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Political scientist turned spy chief Lukas Daniel "Niel" Barnard was just 31 when he became a full university professor.
South African president P.W. Botha tapped Barnard to head up his newly reorganized spy program, renamed the National Intelligence Service (NIS) in 1980. One of Botha's closest political advisors, Barnard became a powerful voice of pragmatism for the president.
Barnard began furtive talks with the still imprisoned Nelson Mandela in 1988. At the same time, he was the relay man to Botha for information coming out of stealth meetings in England between parties representing the ANC and South Africa's ruling class.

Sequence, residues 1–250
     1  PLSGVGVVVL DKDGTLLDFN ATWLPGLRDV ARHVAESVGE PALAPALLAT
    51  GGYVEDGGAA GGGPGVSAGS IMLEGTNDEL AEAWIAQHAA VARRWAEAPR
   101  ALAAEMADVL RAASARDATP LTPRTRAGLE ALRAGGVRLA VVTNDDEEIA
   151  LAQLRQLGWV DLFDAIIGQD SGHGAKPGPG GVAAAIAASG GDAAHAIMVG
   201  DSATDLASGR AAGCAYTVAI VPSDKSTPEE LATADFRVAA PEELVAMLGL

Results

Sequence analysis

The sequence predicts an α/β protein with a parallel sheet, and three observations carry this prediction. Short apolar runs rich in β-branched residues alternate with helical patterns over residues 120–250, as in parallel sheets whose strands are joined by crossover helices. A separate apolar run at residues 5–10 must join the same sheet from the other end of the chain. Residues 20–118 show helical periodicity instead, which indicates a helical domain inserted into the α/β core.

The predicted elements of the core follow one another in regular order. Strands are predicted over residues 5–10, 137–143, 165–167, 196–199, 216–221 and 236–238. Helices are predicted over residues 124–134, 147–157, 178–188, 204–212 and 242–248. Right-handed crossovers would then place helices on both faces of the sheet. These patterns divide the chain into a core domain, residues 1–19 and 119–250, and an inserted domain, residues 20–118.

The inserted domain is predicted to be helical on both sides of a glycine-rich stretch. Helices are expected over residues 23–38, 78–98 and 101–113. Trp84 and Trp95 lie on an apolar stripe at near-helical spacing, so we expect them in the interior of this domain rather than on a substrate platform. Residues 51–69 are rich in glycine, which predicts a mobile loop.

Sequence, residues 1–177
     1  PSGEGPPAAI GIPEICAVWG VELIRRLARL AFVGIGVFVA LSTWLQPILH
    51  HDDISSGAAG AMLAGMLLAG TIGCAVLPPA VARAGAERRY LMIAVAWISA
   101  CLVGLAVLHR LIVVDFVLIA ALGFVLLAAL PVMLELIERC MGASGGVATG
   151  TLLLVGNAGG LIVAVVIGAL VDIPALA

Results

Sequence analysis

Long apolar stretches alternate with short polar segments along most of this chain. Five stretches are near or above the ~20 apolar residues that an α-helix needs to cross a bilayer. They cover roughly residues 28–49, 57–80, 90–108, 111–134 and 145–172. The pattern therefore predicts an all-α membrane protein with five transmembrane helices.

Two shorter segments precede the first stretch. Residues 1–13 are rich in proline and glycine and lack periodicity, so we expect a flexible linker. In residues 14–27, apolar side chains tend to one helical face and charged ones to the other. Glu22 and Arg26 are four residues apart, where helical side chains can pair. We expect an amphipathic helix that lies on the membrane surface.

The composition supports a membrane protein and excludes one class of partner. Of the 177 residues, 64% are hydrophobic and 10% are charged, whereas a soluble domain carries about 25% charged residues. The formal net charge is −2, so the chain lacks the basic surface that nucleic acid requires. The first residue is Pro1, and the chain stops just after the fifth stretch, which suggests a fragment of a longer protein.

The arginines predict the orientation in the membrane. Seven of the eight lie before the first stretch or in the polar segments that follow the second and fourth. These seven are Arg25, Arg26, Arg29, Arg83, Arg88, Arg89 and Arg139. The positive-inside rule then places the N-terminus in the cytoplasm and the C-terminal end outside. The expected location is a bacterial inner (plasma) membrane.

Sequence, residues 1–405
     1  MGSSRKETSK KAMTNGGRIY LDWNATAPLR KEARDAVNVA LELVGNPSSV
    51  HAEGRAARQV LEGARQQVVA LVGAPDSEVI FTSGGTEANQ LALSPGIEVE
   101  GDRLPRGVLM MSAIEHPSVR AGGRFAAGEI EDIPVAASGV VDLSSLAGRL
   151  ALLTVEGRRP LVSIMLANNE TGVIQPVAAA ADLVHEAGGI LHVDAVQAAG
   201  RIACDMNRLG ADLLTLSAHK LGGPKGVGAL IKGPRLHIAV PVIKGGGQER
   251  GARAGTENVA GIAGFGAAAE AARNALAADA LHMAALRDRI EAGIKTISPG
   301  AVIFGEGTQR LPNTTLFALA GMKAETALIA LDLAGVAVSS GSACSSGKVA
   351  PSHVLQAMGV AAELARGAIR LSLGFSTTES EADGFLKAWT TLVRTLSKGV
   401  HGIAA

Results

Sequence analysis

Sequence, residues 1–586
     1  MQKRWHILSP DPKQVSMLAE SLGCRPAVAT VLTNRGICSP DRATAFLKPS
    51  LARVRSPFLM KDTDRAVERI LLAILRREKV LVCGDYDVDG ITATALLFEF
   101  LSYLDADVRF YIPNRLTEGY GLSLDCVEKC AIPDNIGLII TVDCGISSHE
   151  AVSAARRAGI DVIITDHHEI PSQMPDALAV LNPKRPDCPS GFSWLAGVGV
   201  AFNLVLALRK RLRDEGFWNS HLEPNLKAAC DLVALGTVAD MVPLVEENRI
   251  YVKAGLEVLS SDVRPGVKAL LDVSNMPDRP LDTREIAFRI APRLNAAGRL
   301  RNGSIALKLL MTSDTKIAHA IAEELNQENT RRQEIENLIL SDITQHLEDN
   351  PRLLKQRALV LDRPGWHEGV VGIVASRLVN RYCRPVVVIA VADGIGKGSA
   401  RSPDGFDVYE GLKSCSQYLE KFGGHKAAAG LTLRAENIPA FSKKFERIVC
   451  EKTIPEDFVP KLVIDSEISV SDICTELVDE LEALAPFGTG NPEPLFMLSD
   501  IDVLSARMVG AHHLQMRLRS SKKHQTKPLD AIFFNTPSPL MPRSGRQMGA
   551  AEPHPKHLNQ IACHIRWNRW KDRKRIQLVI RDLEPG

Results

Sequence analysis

Barnard held his intelligence post for 12 years. In 1996, he became the director-general of provincial administration for the Western Cape. The ANC raised concerns about Barnard's appointment at that time, citing unanswered questions about the role of the NIS in political assassinations.
Barnard publicly denied any knowledge of murder, torture or other human rights violations. The ANC later withdrew its allegations against Barnard.